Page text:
Brioche Loaves

Fresh BriocheFrom a Croque Norvegien to an ABB&M, I’ve been in sandwich mode recently.  Which got me thinking.  Instead of running out and grabbing a new loaf of bread, maybe I could make my own.

I settled on brioche, a butter- and egg-enriched yeast bread, French in origin.  Yet, despite its French origins, the French put their brioche in the viennoiserie basket.  Unlike something in the bread basket, a viennoiserie (meaning “in the Viennese style”) boasts the addition of eggs, butter, milk, cream, or sugar, which gives it a pastry-like character.

Cooling Brioche

Viennoiseries are leavened, often layered, and commonly served in the morning.  Beyond brioche, examples include croissants, apple turnovers, pain au chocolat , pain aux raisins, and chouquettes.  When pain au chocolat and a hot tea greet you in the morning, not even a Paris subway strike can dampen your mood.

Before Marie Antoinette uttered her fateful words, Jean-Jacques Rousseau spoke of another “great princess”  (possibly Maria Theresa, the wife of the Sun King, Louis XIV) confronted with a peasantry yearning for bread.  “Qu’ils mangent de la brioche,” she said.  “Let them eat brioche.”

I second that.

Brioche Loaves

Recipe from Ina Garten’s Barefoot in Paris.

PREP TIME: Requires chilling the dough overnight
COOK TIME: 2 hours of self-rising, 45 minutes of baking
YIELD: 2 loaves or 24 slices

WHAT TO GRAB:
1 package dried yeast
1/2 cup hot water (Must be between 100 and 120 degrees)
3 tablespoons sugar
6 eggs at room temperature
4 1/4 cups unbleached flour
2 teaspoon Kosher salt
1 cup butter (2 sticks), at room temperature
1 egg mixed with 1 tablespoon milk, for the egg wash

Brioche Collage

HOW YOU DO IT:

PREPPING THE DOUGH

1. Combine the water, yeast, and sugar in the bowl of an electric mixer with a paddle attachment.  Make sure the bowl is not cold – the yeast will only react if the water is between 100 and 120 degrees.  Mix these ingredients with your hands, and allow it to sit for 5 minutes, until the yeast and sugar are dissolved.

2.  Add the eggs and beat on medium speed for 1 minute, until well mixed.  On low speed, add 2 cups of flour and the salt, and mix for 5 minutes.  Still on low speed, add another 2 cups of flour, and mix for another 5 minutes.   Add the butter in batches, and mix for 2 minutes.  With the mixer still on low speed, add the remaining 1/4 cup of flour.  Switch the paddle attachment to a dough hook, and mix on low speed for a final 2 minutes.*

*Do not feel compelled to go out and buy a fancy mixer.  I decided to do all my mixing and beating by hand.

3.  Scrape the dough into a large, buttered bowl.  Cover with plastic wrap, and refrigerate overnight.

TIME TO SELF-RISE AND SHINE

4.  The next day, allow the dough to sit at room temperature for about 45 minutes.  Meanwhile, grease two 8½ x 4½ x 2 ½–inch loaf pans.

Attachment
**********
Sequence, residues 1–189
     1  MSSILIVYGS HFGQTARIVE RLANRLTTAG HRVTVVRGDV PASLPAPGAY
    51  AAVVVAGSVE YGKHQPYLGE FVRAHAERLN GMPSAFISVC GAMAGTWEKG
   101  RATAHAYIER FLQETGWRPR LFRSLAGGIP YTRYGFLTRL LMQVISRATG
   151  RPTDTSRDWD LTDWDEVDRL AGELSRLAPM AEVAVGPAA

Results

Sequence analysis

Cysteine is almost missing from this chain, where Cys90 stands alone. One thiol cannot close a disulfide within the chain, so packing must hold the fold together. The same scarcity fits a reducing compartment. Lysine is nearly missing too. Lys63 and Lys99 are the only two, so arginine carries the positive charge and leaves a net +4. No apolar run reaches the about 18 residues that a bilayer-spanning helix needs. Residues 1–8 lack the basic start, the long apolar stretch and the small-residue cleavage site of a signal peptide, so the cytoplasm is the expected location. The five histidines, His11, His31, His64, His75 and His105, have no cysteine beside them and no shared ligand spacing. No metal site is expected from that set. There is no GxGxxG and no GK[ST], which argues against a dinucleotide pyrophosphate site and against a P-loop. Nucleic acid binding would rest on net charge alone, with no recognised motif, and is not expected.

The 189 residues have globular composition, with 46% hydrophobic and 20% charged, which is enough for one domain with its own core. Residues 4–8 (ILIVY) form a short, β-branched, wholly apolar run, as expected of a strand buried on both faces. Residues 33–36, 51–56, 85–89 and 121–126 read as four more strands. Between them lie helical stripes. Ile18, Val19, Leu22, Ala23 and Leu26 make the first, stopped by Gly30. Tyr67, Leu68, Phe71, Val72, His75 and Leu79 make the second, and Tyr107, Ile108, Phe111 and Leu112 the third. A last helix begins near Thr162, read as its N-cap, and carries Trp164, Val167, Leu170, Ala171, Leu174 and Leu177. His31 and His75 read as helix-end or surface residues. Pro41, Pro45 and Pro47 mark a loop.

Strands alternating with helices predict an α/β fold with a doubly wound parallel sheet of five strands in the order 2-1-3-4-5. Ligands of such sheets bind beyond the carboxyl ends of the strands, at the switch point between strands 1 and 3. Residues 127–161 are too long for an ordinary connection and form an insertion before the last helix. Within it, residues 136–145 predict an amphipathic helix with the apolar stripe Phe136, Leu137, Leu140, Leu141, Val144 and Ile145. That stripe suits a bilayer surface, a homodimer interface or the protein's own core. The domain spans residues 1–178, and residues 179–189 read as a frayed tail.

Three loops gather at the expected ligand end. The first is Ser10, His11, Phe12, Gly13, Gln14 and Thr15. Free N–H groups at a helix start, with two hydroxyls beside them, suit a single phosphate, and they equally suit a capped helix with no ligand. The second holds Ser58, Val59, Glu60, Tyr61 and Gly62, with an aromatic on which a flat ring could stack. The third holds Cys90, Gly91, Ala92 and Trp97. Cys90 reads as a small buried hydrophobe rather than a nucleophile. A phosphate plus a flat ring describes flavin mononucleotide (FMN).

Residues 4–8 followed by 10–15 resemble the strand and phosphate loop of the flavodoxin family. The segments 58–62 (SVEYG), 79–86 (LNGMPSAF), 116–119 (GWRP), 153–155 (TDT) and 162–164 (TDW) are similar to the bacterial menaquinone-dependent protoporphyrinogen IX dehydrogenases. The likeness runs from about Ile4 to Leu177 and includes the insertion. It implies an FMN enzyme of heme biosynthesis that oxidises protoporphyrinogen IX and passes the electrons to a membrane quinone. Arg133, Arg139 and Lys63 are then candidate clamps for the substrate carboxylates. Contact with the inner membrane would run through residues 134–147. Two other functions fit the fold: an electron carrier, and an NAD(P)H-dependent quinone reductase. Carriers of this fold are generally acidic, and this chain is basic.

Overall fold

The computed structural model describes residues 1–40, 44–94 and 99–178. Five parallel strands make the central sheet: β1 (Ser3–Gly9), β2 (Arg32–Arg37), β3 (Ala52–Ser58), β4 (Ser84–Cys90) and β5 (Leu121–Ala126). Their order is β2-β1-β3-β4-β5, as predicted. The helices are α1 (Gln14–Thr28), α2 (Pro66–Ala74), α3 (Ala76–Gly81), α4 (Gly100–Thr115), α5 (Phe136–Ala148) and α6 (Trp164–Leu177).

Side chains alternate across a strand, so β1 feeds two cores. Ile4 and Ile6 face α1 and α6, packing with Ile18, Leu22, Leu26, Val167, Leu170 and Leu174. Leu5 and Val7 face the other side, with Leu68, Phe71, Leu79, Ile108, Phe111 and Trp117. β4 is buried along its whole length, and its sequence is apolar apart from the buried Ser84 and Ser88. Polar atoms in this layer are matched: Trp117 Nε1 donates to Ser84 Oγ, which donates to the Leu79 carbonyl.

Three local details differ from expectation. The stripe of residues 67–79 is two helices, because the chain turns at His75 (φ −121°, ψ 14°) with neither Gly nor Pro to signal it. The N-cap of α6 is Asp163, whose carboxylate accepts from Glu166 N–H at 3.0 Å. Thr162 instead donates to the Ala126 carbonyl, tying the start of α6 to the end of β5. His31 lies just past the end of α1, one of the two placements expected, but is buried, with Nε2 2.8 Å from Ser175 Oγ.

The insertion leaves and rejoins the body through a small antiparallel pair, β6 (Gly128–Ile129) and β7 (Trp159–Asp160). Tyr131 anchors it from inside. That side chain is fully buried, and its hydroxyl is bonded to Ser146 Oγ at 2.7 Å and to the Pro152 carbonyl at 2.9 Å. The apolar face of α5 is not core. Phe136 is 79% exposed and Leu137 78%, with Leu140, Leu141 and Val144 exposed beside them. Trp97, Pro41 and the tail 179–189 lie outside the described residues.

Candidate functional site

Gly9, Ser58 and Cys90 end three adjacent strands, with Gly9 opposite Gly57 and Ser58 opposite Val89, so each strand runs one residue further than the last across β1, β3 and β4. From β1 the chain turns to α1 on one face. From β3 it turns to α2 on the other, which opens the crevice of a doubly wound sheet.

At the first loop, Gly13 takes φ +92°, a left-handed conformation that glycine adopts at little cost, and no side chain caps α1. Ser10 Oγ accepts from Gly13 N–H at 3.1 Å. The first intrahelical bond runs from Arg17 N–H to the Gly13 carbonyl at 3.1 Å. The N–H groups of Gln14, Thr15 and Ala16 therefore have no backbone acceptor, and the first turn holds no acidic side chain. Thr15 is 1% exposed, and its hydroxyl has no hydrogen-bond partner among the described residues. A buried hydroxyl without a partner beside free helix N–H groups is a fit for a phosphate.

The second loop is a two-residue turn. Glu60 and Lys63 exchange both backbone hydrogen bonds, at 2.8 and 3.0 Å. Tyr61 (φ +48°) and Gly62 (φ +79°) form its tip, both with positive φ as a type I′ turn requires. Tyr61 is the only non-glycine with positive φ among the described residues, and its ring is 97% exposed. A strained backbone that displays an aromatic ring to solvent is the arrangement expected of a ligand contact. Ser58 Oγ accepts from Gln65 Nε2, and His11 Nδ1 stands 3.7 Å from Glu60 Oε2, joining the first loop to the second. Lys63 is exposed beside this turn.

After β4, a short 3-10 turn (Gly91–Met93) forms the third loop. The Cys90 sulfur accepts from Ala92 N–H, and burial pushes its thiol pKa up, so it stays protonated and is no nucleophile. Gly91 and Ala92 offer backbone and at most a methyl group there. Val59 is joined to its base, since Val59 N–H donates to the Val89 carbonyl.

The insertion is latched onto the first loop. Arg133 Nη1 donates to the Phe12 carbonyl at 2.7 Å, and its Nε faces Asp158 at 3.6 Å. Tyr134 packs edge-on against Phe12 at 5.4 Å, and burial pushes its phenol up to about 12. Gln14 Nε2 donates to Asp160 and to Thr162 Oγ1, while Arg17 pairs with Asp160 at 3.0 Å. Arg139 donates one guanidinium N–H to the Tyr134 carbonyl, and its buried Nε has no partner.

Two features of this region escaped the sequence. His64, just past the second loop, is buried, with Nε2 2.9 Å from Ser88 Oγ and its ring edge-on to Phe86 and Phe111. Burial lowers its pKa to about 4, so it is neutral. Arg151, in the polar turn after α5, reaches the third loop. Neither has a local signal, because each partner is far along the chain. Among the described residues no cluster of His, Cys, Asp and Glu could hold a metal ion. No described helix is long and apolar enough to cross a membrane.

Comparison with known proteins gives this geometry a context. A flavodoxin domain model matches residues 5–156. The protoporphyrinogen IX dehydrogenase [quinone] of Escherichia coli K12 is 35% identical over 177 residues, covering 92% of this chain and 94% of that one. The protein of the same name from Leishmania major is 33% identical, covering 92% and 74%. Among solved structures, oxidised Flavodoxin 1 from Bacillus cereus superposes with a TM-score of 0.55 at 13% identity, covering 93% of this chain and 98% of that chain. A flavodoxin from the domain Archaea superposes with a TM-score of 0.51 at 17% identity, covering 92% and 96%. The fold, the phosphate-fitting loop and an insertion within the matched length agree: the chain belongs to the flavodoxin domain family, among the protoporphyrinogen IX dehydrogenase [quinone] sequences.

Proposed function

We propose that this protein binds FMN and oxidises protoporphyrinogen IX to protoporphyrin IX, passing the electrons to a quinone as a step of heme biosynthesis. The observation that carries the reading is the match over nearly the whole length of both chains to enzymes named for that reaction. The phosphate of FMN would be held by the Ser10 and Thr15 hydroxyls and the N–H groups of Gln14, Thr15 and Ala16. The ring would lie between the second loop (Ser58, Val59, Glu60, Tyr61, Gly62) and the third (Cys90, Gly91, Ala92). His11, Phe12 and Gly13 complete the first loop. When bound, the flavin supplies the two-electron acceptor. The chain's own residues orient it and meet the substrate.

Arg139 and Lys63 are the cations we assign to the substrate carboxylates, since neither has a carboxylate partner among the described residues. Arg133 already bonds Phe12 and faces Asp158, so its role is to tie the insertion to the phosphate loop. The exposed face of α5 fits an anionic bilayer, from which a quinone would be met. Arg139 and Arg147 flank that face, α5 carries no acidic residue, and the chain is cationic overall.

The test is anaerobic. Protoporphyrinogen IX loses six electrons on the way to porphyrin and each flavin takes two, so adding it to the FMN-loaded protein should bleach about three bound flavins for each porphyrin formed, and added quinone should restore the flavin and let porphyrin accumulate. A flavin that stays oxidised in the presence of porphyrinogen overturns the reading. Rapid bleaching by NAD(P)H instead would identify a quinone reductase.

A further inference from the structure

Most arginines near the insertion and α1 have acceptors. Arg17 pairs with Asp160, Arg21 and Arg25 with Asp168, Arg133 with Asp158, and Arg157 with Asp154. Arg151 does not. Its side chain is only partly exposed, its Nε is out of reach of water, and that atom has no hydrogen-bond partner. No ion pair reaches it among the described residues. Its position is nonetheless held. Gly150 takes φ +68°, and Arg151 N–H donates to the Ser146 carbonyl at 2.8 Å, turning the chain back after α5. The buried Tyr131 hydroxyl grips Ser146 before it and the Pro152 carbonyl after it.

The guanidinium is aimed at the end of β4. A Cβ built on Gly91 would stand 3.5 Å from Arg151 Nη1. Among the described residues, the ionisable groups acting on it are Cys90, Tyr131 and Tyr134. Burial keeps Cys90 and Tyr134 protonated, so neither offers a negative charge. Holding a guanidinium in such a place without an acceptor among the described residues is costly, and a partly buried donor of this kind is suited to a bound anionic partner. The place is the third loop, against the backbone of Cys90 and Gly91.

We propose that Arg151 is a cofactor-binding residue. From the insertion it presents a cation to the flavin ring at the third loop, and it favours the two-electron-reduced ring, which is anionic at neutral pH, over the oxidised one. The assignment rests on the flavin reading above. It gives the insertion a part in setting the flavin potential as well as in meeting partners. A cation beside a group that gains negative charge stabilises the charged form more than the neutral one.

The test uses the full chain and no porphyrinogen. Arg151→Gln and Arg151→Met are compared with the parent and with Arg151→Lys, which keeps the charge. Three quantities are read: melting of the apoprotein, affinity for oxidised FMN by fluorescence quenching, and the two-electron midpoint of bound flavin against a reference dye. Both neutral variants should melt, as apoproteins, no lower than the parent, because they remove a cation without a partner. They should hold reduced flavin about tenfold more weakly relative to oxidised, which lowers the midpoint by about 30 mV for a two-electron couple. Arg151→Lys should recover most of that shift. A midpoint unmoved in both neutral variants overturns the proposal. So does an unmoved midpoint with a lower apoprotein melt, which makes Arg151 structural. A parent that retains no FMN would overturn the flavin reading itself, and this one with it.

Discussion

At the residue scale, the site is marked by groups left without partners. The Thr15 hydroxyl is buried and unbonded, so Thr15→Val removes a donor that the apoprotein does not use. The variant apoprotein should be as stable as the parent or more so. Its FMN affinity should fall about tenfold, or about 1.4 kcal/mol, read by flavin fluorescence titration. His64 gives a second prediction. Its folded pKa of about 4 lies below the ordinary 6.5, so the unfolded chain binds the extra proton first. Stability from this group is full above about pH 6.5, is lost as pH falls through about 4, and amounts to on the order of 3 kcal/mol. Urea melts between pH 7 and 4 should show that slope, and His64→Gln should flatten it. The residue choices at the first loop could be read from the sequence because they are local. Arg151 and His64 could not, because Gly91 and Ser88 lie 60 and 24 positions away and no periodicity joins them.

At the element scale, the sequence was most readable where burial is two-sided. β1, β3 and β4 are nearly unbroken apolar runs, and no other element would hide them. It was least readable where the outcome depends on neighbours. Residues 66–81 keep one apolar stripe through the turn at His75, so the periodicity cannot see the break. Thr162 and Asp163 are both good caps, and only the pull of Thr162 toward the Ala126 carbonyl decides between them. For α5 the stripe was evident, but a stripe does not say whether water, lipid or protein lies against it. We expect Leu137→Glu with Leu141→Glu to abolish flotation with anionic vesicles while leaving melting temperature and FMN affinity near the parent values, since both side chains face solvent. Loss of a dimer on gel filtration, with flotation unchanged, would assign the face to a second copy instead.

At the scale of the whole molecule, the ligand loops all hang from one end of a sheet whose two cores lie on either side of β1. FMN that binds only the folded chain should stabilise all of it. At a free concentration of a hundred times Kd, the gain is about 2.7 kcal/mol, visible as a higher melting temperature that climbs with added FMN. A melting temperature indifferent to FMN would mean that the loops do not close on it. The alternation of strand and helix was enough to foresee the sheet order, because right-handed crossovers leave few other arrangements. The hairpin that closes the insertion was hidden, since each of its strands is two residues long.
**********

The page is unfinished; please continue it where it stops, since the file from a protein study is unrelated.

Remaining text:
5.  Turn the dough onto a lightly floured board.  Cut the dough in half, and pat each half into a 6×8-inch rectangle.  Roll up each rectangle into a cylindrical loaf.  Place each loaf, seam side up, into a greased pan.  Cover the pans with a damp towel, and allow them to self-rise for to 2 to 2 1/2 hours.  They should almost double in size.

BUNS IN THE OVEN

6.  Preheat the oven to 375 degrees.  Remove the towels, and lightly brush the top of each loaf with the egg wash.  Bake for 40 to 45 minutes, or until the top springs back and the loaf sounds slightly hollow when tapped.

7.  Turn the loaves out onto a wire rack until completely cool.  Then slice and serve!

Close up

SUGGESTIONS

Brioche makes an excellent Banana French Toast.  It can also be used for bread pudding. Speaking of desserts, if you add 2 cups of chocolate chips after Step 2, you can have Chocolate Chip Brioche (Brioche aux Pépites de Chocolat): a perfect treat in its own right!

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11 responses to “Brioche Loaves

  1. Your loaves look great. When we make bread, they taste good, but don’t look good. Oh well. 🙂 You can also make some great mini bread puddings with brioche…

  2. Wow, for your first foray into yeast baking, this result is seriously impressive. Not that I’m surprised.

    You can safely assume that I’ll request brioche upon my return to STL. ❤

  3. Excellent! That will give me a chance to try the chocolate chip brioche.

  4. mmm that looks so wonderful and buttery

  5. “They should almost…” what? Seems to be a phrase missing there…..

  6. Oops! I have egg(-enriched yeast bread) on my face. Problem fixed!

  7. Just discovered your site, and I am enjoying looking through the recipes. I have the book “Barefoot in Paris”, and this is one of the few recipes I’ve yet to try. After seeing this post, I want to make a few loaves right away. Thanks for sharing!

  8. Thanks so much for this post. I am trying this recipe blind at the moment, and was a little perplexed when I saw the dough quite wet after letting it sit on room temperature for 1 hour (Ina’s recipe specified that as such) and had somehow shaped it and put in the loaf pan.
    Seeing your images had assured me I have done it correctly so far. Hope the rest is as smooth as yours.

    ps: I happen to already have a KitchenAid, so the entire process last night was a breeze, but I’m with you that it could’ve been easily done by hand.

  9. Found this recipe on Gojee and my husband & I just baked it today… we used all whole wheat flour and the loaves only had to bake for about 25 minutes on 350. They turned out so fluffy and super delicious!

  10. Glad you liked the loaves!

  11. They were delicious. Thank you

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